Subjects then had 2 fMRI scans, at least 1 week apart, following a 10-hour fast. They were given either 160 IU of intranasal insulin or a placebo. Intranasal insulin has been shown to deliver insulin to the central nervous system without systemic absorption.6 While in the MRI scanner, participants were asked to rate their preference for food or non-food objects with a yes or no answer, and then asked to rate their answer for food items on a 4-point scale.

Only NIR Individuals with higher insulin levels had lowered food preference scores

The results of the study are striking. Insulin levels were indeed correlated with food preference scores, but only in the normal insulin resistance group. The higher the plasma insulin concentration, the lower the preference for food items (r = -0.43, P = 0.02, n = 28, Pearson’s correlation).1 In contrast, in the insulin resistant group, no correlation was observed between insulin level and food preference (r = 0.17, P = 0.47, n = 20, Pearson’s correlation).1

Clinical Study Methods on Central Insulin in Humans

Using rmANOVA analysis, a significant three-way interaction was revealed when the following criteria were analyzed: item (food/non-food), session (placebo/insulin), and group (NIR/IR) (F(1,46) = 5.13, P = 0.028, n2 = 0.1, nNIR = 28, nIR = 20, rmANOVA).1 The preference for food/non-food was significantly reduced in the intranasal insulin group compared with placebo, but only in the normal insulin resistance group (F(1,27) = 7.37, P = 0.011, h2  = 0.22, n = 28, rmANOVA).1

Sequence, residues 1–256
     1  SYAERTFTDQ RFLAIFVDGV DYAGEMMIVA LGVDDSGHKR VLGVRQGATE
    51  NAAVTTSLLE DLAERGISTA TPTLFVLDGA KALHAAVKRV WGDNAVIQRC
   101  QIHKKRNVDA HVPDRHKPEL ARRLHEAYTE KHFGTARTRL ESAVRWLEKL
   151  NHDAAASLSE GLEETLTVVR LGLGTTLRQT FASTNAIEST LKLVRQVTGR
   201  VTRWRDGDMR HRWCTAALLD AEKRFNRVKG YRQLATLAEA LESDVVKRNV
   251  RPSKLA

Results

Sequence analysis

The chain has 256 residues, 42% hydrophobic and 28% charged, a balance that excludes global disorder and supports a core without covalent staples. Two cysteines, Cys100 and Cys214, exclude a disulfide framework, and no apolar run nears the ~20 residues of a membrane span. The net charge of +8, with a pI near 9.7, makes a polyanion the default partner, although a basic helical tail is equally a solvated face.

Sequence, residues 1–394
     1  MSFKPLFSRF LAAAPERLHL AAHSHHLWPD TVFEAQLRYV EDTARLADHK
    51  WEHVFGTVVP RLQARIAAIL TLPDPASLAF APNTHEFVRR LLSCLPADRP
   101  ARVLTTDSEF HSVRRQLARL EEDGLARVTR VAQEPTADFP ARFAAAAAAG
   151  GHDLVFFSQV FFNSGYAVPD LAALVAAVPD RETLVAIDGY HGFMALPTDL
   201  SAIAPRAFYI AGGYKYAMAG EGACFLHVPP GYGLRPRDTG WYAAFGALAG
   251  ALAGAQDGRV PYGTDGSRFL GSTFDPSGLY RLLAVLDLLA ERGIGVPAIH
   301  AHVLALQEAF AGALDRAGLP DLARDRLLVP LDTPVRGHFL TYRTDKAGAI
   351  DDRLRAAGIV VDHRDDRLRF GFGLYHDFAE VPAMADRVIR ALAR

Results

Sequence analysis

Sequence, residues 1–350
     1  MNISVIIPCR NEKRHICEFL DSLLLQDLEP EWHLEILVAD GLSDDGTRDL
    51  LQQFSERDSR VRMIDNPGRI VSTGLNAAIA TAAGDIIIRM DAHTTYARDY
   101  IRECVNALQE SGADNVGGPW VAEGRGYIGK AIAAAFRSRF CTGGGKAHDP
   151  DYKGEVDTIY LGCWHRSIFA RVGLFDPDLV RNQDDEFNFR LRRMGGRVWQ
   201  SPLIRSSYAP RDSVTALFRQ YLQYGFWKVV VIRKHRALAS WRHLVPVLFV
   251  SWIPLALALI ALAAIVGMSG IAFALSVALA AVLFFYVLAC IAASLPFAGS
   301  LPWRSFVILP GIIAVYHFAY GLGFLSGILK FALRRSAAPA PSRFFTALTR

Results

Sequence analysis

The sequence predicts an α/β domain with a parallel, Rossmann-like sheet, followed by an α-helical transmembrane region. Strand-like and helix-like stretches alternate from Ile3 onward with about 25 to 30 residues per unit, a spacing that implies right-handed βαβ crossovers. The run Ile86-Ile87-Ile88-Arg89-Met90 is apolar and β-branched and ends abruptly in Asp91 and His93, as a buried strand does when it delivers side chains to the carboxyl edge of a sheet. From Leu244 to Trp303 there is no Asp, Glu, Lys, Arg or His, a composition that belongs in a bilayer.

In the insulin resistant group, food preference scores after intranasal insulin actually increased (T(19) = 1.77, P = 0.09, d = 0.16, n = 20, t-test). Confirming these results, HOMA scores directly correlated with changes in food preference driven by insulin.1 In other words, subjects with normal HOMA values showed a greater reduction in food values following intranasal insulin (r = -0.30, P = 0.04, n = 48, Pearson’s correlation).1

Imaging showed insulin-dependent activation in reward-related NAc and VTA during food valuation tasks Examining the fMRI data, the researchers measured the blood oxygenation level-dependent activity (BOLD).1 They found significant activation in a network of metabolic and reward-related brain regions to food vs. non-food items in the placebo group.1 These areas included the bilateral hypothalamus, VTA, amygdala, insula and orbitofrontal cortex.

Looking for regions that showed a correlation between food-specific valuation signals and BOLD response, the researchers found that the bilateral NAc was engaged during food value encoding in normal insulin resistance individuals, but saw no difference in insulin resistance individuals. A significant group interaction was observed in the left NAc (P<0.05, FWE corrected, nNIR = 28, nIR = 20, factorial design).1